Quick and dirty vacuum gauge

I’ve been playing around with vacuum the last couple of weeks. While I was waiting for more parts and a proper vacuum gauge arrive from eBay, I was impatient to get at least some measurements of how good the vacuum was in the system.

I started thinking of ways to improvise a pressure sensor.

marshmallow gauge

Marshmallows provided a great visual indication that, yes, there was vacuum aplenty. But it was a bit less quantitive than I hoped.

I played around a bit with Pirani gauges, which are a way to use resistors as pressure sensors. That wasn’t too bad, and I’ll detail those in a later post when I write up the chamber itself. But it seemed to me that there should be some easier way of getting an indicator.

I could always see how high water could be drawn up into a tube. Although for a decent vacuum, that would mean about 10m high of water, which was taller than any building I had access to. You can make the necessary height shorter by using different fluids (mercury would require less than a meter tall gauge), but I couldn’t work out any combinations that would be both safe and practical.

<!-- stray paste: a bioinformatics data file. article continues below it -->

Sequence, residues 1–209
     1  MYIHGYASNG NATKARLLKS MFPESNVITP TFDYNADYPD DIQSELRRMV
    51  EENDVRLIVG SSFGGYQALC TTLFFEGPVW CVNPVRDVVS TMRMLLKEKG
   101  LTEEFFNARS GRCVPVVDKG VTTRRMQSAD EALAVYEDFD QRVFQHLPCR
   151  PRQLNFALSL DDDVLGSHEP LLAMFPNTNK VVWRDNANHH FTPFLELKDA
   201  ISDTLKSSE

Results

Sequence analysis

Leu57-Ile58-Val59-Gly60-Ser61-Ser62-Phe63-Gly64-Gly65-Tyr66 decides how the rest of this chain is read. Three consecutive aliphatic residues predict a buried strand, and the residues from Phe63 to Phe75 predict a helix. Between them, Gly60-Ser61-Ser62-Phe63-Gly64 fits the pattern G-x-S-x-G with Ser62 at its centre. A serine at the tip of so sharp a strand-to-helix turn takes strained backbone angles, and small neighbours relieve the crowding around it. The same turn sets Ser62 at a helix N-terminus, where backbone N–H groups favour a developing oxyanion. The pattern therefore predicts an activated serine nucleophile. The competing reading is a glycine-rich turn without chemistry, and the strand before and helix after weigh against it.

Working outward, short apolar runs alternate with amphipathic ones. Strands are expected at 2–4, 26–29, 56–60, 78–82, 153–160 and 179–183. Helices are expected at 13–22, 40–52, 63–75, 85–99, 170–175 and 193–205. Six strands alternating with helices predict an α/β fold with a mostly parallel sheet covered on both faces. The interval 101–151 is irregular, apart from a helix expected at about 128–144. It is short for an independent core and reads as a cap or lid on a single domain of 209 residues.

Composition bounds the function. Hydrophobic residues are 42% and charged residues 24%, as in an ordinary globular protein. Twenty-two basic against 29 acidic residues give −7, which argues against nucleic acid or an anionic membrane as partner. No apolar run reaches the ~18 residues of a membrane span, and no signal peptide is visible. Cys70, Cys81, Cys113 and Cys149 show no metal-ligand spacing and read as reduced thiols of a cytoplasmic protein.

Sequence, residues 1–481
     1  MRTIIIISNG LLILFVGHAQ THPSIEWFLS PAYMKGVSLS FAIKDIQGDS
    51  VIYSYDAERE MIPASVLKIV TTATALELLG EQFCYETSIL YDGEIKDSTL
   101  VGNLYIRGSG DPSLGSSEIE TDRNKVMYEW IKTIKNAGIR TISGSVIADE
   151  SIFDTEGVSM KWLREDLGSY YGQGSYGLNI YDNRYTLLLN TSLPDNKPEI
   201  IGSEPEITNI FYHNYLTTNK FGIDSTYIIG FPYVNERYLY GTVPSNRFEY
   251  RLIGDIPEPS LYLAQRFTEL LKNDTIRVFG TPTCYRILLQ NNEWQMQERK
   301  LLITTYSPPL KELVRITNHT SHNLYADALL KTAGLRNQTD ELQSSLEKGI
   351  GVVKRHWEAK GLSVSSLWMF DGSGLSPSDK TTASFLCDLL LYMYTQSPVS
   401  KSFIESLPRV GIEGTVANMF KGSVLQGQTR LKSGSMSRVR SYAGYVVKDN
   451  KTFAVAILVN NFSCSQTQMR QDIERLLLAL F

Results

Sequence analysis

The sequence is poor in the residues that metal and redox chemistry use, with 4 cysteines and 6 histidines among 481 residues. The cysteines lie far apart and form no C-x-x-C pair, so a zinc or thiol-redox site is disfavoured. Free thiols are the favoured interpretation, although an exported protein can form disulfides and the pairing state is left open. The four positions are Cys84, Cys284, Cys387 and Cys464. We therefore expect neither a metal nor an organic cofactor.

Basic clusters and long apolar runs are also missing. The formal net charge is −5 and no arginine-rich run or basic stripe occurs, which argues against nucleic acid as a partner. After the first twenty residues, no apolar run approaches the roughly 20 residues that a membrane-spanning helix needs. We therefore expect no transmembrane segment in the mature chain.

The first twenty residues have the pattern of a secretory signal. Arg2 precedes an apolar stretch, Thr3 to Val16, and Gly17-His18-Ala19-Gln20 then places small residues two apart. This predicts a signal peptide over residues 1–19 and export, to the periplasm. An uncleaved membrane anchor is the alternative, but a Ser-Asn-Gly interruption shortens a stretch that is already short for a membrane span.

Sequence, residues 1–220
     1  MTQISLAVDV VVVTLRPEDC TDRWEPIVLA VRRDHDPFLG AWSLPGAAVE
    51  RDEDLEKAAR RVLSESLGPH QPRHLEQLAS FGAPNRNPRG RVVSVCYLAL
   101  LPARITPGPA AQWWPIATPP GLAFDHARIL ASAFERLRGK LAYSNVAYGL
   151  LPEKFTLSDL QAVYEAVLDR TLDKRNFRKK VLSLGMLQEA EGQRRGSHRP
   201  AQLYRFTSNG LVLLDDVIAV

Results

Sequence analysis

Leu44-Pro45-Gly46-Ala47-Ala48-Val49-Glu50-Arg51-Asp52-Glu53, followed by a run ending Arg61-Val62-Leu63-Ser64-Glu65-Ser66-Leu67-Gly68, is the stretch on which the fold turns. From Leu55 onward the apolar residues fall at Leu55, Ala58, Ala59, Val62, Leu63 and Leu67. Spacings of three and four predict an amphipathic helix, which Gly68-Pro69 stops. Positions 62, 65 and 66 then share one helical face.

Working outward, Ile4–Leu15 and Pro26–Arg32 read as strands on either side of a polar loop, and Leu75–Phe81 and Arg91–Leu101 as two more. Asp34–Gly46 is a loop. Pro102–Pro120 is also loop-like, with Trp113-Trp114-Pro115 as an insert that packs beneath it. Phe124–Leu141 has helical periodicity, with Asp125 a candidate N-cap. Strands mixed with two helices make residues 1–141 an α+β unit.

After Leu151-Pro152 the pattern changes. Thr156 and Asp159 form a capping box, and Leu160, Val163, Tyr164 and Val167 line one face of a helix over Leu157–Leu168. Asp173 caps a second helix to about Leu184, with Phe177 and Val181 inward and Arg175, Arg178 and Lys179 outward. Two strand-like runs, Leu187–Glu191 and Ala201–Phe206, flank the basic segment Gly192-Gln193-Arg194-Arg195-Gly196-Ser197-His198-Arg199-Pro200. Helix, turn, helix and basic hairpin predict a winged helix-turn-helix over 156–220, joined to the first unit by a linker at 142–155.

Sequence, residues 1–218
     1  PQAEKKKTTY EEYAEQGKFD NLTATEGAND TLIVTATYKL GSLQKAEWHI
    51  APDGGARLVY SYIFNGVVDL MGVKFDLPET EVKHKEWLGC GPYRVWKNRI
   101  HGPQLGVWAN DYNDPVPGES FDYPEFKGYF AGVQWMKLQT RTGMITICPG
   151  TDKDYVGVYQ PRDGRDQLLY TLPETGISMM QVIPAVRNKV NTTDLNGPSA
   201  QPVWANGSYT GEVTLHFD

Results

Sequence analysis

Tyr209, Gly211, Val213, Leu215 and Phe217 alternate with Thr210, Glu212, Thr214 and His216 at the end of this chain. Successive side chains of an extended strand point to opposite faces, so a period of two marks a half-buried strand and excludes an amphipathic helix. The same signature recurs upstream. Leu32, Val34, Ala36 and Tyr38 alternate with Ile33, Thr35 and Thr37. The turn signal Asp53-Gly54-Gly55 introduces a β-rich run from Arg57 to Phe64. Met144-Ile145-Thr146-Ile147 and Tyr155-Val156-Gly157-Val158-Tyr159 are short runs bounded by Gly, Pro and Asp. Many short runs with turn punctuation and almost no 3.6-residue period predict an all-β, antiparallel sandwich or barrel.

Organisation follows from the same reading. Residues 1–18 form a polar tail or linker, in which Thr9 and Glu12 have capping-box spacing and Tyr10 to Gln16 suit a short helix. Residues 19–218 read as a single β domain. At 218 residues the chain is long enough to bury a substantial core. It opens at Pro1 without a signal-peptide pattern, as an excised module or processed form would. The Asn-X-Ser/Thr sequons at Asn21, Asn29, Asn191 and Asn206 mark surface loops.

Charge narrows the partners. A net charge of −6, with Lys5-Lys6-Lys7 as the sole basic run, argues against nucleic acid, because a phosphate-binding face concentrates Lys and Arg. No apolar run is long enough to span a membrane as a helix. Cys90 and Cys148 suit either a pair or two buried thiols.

I eventually came up with the idea of a Bourdon tube using plastic I had laying around. This seemed to worked pretty nicely:

bourdon gauge

Without another gauge to calibrate it against, I could only test it by bleeding air into and out of the system slowly using the valves. It seems surprisingly linear, though.

You can even make a direct digital readout by driving the tube onto an electric scale!

pressure gauge from bourdon tube and digital scale

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